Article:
The Demise of Buy-and-Hold?

Did you know that waves are an optical illusion (at least to a physicist)?

While individual waves move forward — often at a locomotive speed, as in the case of a tsunami — the water molecules in them are actually stationery (more accurately, they move up and down, but end up in the same place).

Is the stock market the same way?

To a casual observer, individual stocks and even broader indices appear to make dramatic, up-and-down moves, but the overall, long-term effect is  . . . nil.

So, after all the tumult of the last decade-plus, the Dow Jones Industrial Average is essentially back where it started (around 12,500).


What does that mean for individual investors, and the markets broadly?

I see two main consequences.

One.  Emphasis on dividends.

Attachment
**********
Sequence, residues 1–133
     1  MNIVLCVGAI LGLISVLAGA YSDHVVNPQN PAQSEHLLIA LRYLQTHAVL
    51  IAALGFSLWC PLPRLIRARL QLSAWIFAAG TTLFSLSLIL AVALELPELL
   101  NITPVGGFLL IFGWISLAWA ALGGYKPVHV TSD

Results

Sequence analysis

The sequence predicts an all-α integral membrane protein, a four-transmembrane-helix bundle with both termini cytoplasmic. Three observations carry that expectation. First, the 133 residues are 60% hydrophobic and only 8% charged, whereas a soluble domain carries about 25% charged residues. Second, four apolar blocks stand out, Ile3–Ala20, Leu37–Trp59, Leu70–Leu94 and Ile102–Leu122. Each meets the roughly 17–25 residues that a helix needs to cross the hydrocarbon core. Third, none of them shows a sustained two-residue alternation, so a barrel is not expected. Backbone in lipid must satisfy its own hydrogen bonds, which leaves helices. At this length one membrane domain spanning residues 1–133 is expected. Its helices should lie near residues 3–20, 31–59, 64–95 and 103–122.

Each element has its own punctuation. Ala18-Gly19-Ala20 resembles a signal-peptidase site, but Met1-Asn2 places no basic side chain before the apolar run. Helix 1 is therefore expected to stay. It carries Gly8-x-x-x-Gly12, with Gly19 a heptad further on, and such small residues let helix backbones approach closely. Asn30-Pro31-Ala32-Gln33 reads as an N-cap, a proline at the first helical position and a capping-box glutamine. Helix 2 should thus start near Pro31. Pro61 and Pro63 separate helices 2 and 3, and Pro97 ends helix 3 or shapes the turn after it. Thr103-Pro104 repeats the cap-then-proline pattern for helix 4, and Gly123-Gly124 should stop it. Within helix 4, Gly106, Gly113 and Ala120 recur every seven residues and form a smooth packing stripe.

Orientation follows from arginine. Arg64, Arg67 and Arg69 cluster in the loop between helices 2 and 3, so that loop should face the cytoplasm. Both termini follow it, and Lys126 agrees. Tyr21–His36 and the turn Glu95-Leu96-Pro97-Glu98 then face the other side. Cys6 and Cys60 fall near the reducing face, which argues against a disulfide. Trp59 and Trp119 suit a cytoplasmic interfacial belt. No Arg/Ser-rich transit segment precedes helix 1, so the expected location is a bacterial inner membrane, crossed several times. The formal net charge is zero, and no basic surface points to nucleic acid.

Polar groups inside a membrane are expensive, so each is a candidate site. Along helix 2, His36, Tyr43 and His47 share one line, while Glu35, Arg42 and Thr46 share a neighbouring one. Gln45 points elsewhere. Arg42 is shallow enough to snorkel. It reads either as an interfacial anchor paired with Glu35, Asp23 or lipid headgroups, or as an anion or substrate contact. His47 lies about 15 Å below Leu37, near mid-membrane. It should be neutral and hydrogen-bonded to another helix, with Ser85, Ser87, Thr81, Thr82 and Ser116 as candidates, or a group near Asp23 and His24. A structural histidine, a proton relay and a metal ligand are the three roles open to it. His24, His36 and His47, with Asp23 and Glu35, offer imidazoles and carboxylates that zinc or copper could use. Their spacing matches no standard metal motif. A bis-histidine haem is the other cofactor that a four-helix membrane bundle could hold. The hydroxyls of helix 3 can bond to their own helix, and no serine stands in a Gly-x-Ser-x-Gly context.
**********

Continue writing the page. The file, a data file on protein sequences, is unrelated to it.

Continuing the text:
Even if the stocks you hold make a round-trip, if they’ve paid a healthy dividend in the meantime, you’re ahead.

So, stocks like Johnson & Johnson, Philip Morris, etc. become obvious choices (perhaps a little too obvious:  they’ve already had big runs).

Two.  The demise of “buy-and-hold” as a strategy.

Generations of investors — myself included — have been raised on the notion that, while individual stock-picking is folly, holding a diversified portfolio of stocks long-term puts the odds decidedly in your favor.

If that assumption is now shown to be flawed . . . trillions of long-term capital now committed to equities may decide to look for better returns elsewhere.  

About the author

Ross Kaplan has 19+ years experience selling real estate all over the Twin Cities. He is also a 12-time consecutive "Super Real Estate Agent," as determined by Mpls. - St. Paul Magazine and Twin Cities Business Magazine. Prior to becoming a Realtor, Ross was an attorney (corporate law), CPA, and entrepreneur. He holds an economics degree from Stanford.

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